Origins of Christmas Dec 16, 2010 6:30:26 GMT -5
Post by mary on Dec 16, 2010 6:30:26 GMT -5
Origins of Christmas
Around December 22nd in the Northern Hemisphere marks the shortest day of the year as measured between the times of sunrise and sunset. In 274 AD, Roman Emperor Aurelian declared December 25th as a cause for celebration because the sun begins anew its journey toward longer days... and so the Winter Solstice pagan festival (or Yule) was born.
The early Church, which was being persecuted by ancient Rome, believed they could convert some pagans by assimilating this holiday into Christian beliefs. As the Pagans were celebrating the Light and the rebirth of the Sun, early Christians took this opportunity to teach them about Jesus, who is the "Light of the World". (And so Christians started Christmas in 336 AD.)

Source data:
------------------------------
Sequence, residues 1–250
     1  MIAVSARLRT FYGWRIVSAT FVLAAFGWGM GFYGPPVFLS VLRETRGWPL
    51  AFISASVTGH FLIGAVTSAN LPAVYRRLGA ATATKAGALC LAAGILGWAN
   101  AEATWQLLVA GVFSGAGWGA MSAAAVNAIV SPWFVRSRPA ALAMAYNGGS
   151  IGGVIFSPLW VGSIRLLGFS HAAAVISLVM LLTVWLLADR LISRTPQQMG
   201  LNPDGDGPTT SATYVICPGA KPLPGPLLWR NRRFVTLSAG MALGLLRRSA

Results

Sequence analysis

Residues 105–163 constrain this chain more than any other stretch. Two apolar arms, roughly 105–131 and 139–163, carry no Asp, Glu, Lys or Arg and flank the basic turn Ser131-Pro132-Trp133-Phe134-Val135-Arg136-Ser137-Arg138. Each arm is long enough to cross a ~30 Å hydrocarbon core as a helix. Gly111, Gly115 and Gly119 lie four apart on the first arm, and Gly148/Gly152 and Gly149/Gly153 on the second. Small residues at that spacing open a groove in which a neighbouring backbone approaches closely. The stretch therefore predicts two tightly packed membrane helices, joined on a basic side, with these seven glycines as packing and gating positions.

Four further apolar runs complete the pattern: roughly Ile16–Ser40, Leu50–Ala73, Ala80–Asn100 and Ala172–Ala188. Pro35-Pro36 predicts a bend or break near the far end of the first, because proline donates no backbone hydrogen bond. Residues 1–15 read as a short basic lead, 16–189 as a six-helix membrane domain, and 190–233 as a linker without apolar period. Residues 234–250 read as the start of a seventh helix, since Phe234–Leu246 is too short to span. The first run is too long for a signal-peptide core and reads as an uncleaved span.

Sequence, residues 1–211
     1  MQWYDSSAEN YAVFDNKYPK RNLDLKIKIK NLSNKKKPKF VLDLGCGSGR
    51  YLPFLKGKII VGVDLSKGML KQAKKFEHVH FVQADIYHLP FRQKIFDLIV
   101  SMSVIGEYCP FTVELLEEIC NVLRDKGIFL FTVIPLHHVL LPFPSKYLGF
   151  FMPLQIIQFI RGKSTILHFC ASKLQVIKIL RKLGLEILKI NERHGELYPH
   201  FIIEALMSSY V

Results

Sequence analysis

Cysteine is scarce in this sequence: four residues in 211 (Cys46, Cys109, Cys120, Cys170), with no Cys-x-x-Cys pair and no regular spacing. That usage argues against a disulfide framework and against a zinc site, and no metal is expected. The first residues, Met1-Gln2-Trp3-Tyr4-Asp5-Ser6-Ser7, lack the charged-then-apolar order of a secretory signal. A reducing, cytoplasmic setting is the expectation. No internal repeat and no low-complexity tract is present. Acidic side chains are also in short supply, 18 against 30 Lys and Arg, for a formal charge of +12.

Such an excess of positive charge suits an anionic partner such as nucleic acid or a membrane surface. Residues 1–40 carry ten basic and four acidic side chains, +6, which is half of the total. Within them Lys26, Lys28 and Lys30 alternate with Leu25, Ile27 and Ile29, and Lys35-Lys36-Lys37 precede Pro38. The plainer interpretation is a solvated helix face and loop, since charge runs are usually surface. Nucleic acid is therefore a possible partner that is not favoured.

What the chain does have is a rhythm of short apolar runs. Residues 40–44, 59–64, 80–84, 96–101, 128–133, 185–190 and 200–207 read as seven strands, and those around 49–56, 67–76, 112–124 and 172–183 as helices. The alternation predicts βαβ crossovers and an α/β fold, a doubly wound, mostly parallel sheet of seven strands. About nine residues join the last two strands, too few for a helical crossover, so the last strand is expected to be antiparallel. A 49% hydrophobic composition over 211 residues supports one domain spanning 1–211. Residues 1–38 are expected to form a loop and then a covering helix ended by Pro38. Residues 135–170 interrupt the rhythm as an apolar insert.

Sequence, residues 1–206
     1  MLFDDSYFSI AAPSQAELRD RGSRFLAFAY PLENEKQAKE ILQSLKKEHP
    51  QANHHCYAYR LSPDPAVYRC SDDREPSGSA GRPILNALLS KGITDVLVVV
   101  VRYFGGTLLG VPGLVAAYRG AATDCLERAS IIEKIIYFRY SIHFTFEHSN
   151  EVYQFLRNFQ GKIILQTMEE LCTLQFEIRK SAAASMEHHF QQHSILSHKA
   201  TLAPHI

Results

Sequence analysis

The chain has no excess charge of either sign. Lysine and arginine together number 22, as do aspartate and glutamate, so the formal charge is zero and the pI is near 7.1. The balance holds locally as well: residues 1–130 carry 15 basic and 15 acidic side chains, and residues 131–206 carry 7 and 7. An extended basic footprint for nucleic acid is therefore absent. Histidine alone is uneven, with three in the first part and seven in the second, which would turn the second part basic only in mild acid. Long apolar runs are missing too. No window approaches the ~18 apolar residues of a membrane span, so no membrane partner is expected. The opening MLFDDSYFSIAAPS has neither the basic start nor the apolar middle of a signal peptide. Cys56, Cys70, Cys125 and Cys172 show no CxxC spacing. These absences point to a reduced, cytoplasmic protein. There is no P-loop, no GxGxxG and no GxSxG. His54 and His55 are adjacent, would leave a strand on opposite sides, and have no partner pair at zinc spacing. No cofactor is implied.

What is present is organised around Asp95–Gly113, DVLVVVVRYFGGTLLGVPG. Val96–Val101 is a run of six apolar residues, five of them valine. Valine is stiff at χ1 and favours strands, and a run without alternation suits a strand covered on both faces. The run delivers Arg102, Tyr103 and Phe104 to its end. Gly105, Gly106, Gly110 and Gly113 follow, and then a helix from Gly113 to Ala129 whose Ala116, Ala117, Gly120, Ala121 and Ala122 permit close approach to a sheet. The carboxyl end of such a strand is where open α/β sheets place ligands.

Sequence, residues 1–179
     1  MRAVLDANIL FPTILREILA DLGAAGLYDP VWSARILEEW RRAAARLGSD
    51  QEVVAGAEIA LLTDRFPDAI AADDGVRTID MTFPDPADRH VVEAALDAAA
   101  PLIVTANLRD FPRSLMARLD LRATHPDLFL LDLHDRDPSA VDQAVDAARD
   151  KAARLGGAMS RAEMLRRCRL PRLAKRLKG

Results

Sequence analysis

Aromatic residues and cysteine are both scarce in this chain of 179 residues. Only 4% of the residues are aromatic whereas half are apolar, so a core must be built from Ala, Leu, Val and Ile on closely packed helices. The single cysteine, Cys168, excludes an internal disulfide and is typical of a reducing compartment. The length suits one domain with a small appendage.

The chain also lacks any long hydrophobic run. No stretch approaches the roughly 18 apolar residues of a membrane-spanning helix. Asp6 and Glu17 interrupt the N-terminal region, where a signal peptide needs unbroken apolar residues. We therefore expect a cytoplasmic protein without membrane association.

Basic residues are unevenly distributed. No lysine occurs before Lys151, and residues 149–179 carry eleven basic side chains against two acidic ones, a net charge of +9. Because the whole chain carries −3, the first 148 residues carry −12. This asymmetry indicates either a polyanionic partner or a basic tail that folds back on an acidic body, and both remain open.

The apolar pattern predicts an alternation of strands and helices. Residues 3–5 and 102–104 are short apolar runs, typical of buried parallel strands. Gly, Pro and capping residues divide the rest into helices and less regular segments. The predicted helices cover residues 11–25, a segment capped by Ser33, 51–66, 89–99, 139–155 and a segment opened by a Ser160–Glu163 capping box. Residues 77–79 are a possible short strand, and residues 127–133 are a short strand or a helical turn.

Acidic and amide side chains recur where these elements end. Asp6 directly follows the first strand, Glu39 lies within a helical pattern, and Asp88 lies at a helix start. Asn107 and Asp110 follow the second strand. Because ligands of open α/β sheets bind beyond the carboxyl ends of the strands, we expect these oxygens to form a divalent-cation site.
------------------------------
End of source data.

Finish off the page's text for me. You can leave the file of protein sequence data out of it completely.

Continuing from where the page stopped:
(Many scholars believe that Jesus was born during the Feast of Tabernacles, which is around September.)
Even the popular Roman pagan festival Saturnalia led to a Christmas tradition. Saturnalia was held in mid-December to honor the pagan-god of agriculture, Saturnus, with feasting and gift giving. Early Christians found the gift giving tradition endearing, because it is a reminder that God gave his only Son to save us.
Let us pray:
Father, help us to prepare the way of Jesus, the Light of the world.
May we, who believe He will come again, always serve You.
Let us proclaim this mystery of faith: Christ has died, Christ is risen, Christ will come again.
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John 8:12 - "I am the light of the world. Whoever follows me will have the light of life and will never walk in darkness."
John 3:16 - For God loved the world so much that he gave his only Son, so that everyone who believes in him may not die but have eternal life.